The aforementioned findings demonstrate how parental depression has significant implications at the individual level (risk for postnatal depression), at the parenting level (risk for poor parenting style), and at the child developmental level (risk for regulatory deficits). Considering that, we adopt in this current investigation, a family processes approach to understanding the impact of prenatal depression at both the individual and relational levels within a family (Cummings et al., Reference Cummings, Keller and Davies2005). A family process or family systems approach emphasizes that an individual functions within and is shaped by the larger family unit and therefore factors that affect this individual – whether positively or negatively – also indirectly impact the other members of the family and the interpersonal dynamics across the family (Cummings et al., Reference Cummings, Keller and Davies2005). For instance, intraindividual challenges (prenatal depression) may negatively affect the individual (resulting in postnatal depression) with negative implications for the quality of key familial relationships, such as parenting behavior in the parent–child relationship, and in turn negative effects for the child’s development via deficits in effortful control. Yet it is also possible that other relational dynamics within the family can play a significant protective rule when faced with the challenge of prenatal depression. In particular, support between romantic partners can be critical in mitigating the effects of prenatal depression (Milgrom et al., Reference Milgrom, Gemmill, Bilszta, Hayes, Barnett, Brooks, Ericksen, Ellwood and Buist2008) and reducing the prevalence of postnatal depression (Feinberg, Reference Feinberg2002; Solmeyer & Feinberg, Reference Solmeyer and Feinberg2011). Therefore, in the current study we focus on the romantic partner relationship, employing the construct of partner RF as a key relational factor in promoting adjustment and well-being across the family.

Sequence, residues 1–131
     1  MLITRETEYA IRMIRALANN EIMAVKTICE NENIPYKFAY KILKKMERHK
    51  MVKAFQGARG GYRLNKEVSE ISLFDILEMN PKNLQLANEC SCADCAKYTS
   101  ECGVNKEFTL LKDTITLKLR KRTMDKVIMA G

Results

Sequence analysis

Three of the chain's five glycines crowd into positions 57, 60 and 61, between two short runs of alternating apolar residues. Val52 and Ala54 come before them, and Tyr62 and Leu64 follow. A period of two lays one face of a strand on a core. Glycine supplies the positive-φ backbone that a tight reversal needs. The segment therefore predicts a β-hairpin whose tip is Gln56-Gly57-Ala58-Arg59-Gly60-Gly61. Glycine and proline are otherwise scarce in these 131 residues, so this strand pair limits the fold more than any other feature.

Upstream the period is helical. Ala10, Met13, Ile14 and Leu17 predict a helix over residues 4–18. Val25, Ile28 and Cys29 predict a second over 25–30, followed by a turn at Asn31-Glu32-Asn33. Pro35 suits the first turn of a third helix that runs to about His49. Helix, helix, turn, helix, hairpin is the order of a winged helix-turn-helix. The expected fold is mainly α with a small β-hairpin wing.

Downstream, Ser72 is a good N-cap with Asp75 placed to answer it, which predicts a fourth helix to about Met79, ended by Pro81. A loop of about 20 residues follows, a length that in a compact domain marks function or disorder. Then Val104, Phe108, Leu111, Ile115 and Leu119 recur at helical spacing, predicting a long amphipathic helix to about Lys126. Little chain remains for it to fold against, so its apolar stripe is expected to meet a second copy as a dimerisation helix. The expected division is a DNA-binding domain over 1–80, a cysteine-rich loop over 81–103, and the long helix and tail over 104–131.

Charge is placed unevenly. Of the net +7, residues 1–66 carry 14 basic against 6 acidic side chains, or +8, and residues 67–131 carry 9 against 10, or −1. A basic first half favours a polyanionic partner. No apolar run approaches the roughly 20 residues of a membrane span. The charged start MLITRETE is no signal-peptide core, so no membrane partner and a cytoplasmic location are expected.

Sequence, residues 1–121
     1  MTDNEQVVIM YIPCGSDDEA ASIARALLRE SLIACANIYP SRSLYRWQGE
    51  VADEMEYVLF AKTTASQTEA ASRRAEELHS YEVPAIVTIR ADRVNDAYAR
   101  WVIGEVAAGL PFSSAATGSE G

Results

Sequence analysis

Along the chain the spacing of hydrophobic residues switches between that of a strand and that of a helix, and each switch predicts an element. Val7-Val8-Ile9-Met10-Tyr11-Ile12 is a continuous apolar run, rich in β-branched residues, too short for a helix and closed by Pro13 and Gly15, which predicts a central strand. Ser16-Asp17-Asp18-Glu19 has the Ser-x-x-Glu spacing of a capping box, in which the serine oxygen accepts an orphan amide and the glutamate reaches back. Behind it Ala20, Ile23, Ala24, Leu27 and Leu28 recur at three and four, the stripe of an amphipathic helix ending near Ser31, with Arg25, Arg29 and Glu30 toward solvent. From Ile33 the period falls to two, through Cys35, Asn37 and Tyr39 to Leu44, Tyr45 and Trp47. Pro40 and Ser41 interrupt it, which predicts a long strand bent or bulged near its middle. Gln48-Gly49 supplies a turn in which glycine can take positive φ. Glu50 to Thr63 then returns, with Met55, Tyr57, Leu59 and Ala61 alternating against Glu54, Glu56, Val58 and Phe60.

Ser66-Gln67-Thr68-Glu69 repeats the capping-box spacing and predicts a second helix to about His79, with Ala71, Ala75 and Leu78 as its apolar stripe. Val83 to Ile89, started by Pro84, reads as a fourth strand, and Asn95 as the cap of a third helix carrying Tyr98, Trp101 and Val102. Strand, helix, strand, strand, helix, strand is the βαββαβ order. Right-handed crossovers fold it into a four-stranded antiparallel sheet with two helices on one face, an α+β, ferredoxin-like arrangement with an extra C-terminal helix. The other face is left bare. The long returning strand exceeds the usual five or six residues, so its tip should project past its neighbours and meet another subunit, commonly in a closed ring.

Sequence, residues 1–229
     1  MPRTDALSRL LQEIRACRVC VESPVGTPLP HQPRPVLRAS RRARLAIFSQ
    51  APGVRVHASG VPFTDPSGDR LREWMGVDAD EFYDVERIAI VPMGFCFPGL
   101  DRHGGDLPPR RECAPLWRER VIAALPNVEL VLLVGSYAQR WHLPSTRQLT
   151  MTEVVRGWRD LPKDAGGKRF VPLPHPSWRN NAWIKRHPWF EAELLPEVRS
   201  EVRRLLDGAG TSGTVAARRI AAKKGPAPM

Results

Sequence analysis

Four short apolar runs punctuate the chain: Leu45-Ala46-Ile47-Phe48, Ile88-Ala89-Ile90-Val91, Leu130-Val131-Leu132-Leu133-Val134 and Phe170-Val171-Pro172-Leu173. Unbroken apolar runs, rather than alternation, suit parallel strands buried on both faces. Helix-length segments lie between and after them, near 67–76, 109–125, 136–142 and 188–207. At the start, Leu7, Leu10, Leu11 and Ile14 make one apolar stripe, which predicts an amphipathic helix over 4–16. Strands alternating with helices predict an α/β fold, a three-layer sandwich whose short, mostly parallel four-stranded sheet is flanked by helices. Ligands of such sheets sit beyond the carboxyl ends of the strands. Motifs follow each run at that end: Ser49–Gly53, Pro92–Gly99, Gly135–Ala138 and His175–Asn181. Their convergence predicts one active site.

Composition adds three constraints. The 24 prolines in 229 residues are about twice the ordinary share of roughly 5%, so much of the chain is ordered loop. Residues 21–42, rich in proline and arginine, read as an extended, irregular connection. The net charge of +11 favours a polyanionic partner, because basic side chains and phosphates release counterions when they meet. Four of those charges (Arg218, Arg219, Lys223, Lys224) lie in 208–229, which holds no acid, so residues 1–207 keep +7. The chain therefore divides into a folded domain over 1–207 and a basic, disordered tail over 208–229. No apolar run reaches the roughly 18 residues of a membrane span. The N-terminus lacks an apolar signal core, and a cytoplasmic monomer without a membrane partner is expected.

Partner reflective functioning: Potential protective factor for families in the face of parental depression

RF describes a general capacity to consider the significance of mental states motivating behavior (Fonagy et al., Reference Fonagy, Steele, Steele, Moran and Higgitt1991). Initially, RF develops as a personal skill that is important in self-awareness and subsequent self-regulation and socioemotional development (Fonagy et al., Reference Fonagy, Steele, Steele, Moran and Higgitt1991). As RF matures, this personal capacity develops beyond self-awareness of thoughts and emotions and how these impact behavior to enable the individual to understand the interplay of another’s mental states and behavior with one’s own mental states, and ultimately affect one’s own behavioral response (Katznelson, Reference Katznelson2014). A person with a strong reflective capacity recognizes the impact of one’s prior relational experiences and current relational dynamics (Fonagy et al., Reference Fonagy, Steele, Steele, Moran and Higgitt1991). As our understanding of mental states and behavior expands beyond the self, RF grows into a relational construct with implications for relationship quality.